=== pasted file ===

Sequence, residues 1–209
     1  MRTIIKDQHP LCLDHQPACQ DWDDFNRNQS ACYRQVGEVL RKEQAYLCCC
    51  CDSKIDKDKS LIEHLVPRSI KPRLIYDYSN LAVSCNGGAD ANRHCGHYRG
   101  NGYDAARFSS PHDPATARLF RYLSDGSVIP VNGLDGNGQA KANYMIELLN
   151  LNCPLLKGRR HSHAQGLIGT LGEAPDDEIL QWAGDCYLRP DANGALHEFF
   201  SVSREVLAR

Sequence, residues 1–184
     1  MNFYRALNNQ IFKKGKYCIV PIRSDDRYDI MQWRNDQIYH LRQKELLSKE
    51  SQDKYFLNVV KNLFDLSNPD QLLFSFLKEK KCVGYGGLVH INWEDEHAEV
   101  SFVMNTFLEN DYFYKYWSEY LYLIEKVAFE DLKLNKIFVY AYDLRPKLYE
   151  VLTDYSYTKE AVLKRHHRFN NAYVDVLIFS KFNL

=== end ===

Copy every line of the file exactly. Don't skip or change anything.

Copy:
Sequence, residues 1–209
     1  MRTIIKDQHP LCLDHQPACQ DWDDFNRNQS ACYRQVGEVL RKEQAYLCCC
    51  CDSKIDKDKS LIEHLVPRSI KPRLIYDYSN LAVSCNGGAD ANRHCGHYRG
   101  NGYDAARFSS PHDPATARLF RYLSDGSVIP VNGLDGNGQA KANYMIELLN
   151  LNCPLLKGRR HSHAQGLIGT LGEAPDDEIL QWAGDCYLRP DANGALHEFF
   201  SVSREVLAR

Sequence, residues 1–184
     1  MNFYRALNNQ IFKKGKYCIV PIRSDDRYDI MQWRNDQIYH LRQKELLSKE
    51  SQDKYFLNVV KNLFDLSNPD QLLFSFLKEK KCVGYGGLVH INWEDEHAEV
   101  SFVMNTFLEN DYFYKYWSEY LYLIEKVAFE DLKLNKIFVY AYDLRPKLYE
   151  VLTDYSYTKE AVLKRHHRFN NAYVDVLIFS KFNL